Photo: Andrew Robin Gladstone
Closing a congregation can be a difficult, emotional process. Just ask the former members of Gold Gate Lutheran Church, an ELCA congregation in San Francisco that closed in 2006.
But in the midst of their pain, members made a decision to be creative about their legacy to the city and church they loved. They chose to generously help other congregations in San Francisco and in the wider ELCA by thoughtfully distributing the congregation’s assets.
Members presented $20,000 in gifts to nine ELCA congregations in San Francisco.
They also gave $12,000 to Pacific Lutheran Theological Seminary in Berkeley, Calif., and $12,000 to Lutheran Social Services of Northern California.
Members gave $1.7 million to the ELCA Sierra Pacific Synod based in Oakland, Calif.
“We’re San Franciscans,” says Harry Velleno, a former member. “Our church has been a part of this city for so long. It just seemed appropriate to return a portion of what we had to the other Lutheran churches and ministries.”
Larry and his wife, Dianne, belonged to Golden Gate for 40 years. Now they’ve joined St. Mark’s Lutheran Church in San Francisco. Harry and Dianne, along with Midge Franusich, oversaw the distribution of Golden Gate’s assets.
In 1989 Golden Gate’s sanctuary was damaged by an earthquake. Faced with dwindling membership and the reality of a building it could not afford to repair, the congregation decided to close in 2006 after 125 years of ministry.
The church building was eventually condemned by the city. The property was sold to a developer.
“It became apparent that the congregation was not going to be able to stay together,” says Dianne. “We looked at all of our options and got a pro bono lawyer who was fantastic. Without her, the building may have defaulted to the city. She managed to help us through it.”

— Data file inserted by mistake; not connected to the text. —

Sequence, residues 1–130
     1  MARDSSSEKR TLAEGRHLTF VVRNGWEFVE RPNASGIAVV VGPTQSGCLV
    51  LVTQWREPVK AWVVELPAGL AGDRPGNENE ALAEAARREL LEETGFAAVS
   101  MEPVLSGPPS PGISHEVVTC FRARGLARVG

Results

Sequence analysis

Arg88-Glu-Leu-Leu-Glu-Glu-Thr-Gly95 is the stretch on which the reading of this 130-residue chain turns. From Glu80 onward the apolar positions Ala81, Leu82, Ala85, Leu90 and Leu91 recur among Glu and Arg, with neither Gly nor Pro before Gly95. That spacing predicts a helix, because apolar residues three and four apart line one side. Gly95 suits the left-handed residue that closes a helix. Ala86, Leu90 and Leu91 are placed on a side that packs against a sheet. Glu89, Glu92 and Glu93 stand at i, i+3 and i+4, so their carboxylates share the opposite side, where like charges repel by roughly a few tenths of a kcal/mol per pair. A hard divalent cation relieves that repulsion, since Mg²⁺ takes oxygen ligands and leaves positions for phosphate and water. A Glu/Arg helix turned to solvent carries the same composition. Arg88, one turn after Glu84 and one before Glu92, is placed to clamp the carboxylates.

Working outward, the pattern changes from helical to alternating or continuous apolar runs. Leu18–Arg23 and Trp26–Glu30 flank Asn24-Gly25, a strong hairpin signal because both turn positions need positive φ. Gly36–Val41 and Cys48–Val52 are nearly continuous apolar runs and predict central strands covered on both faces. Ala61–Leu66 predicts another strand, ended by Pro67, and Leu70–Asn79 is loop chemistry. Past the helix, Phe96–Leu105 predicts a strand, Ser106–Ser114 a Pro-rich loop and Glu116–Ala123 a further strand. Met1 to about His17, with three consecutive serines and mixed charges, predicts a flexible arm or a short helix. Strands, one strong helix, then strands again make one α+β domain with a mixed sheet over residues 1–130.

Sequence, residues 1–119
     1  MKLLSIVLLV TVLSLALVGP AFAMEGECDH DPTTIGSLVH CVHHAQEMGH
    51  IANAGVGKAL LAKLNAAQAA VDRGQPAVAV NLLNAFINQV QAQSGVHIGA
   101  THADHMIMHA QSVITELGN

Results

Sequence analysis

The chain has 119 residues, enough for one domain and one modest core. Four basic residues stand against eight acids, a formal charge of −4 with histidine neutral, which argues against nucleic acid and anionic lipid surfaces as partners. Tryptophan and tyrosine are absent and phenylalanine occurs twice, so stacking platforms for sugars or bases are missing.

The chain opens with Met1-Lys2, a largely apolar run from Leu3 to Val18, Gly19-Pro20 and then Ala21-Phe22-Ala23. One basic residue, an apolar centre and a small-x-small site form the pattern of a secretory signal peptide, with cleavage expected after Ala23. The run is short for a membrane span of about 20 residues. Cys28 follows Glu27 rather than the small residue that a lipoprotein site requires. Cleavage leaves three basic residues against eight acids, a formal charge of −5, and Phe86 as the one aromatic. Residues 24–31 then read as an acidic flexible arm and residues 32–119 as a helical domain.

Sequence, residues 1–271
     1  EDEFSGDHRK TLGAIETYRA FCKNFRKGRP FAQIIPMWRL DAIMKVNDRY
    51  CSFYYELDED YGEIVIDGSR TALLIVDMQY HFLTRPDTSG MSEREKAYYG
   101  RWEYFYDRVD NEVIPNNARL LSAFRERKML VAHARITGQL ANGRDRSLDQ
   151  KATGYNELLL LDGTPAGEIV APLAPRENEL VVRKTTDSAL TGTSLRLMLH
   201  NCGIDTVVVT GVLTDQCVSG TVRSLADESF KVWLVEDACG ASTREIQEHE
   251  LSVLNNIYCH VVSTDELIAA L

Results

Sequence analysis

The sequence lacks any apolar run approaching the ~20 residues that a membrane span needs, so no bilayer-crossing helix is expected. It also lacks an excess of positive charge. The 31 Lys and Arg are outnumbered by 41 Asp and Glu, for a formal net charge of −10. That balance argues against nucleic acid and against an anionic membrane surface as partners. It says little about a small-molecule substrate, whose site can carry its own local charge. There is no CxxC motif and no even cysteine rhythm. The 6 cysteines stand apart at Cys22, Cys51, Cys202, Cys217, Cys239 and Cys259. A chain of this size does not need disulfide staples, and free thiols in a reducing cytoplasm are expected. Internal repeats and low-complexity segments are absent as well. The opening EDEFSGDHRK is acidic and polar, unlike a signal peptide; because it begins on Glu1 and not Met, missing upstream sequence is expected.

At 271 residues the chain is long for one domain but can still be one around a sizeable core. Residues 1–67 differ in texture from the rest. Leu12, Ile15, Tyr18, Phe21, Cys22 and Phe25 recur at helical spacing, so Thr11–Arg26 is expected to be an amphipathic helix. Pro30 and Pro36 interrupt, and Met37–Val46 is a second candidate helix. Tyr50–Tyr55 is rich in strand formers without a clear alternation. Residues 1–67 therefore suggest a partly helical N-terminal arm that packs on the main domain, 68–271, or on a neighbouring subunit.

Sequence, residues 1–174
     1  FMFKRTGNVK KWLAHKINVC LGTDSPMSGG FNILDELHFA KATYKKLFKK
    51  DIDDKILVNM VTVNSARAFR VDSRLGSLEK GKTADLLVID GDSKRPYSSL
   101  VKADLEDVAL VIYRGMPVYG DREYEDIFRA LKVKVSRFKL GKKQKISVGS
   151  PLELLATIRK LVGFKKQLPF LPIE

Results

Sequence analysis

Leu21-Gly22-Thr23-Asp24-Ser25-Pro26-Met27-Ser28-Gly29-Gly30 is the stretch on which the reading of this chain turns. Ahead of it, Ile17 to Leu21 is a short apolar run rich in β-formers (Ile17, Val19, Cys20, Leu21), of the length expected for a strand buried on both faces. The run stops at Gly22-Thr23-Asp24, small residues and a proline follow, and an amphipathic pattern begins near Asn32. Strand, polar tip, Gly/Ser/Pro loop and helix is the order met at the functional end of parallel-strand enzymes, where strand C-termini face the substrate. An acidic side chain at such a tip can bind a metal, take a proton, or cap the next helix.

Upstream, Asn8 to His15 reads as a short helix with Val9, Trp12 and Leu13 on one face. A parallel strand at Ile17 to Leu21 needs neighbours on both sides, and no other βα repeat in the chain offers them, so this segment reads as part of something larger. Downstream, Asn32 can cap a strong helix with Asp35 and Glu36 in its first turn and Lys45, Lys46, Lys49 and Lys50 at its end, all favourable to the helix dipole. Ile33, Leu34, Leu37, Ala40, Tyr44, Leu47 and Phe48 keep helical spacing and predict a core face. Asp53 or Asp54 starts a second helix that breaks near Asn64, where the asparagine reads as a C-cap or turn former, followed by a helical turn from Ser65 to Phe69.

Dianne says the congregation gave its kitchenware and furnishings to local soup kitchens and charities, sold the pews and pianos. It sold the pipe organ to a congregation in Washington.
Mark W. Holmerud, bishop of the Sierra Pacific Synod, says the synod council made two decisions about its $1.7 million gift from Golden Gate.
A portion was used to offset some of the synod office’s transition expenses to three new locations in the synod, and it gave $170,000 to the ELCA churchwide organization. The remainder will be placed in the ELCA Mission Investment Fund until the synod council decides how to use the gift.
Holmerud says the former members of Golden Gate Lutheran Church are caring and committed people. Their decision on sharing assets “reflects the intentionality of the church’s ministry throughout its life.”
Members of the former Golden Gate presented its gifts at a meeting this fall to representatives of each recipient ministry.
“We’re Lutherans at heart, and we wanted to keep the assets in the Lutheran church,” says Dianne. “We’ve managed to keep the church open for 17 years after the earthquake. We’re proud of that. Now it’s time to move on.”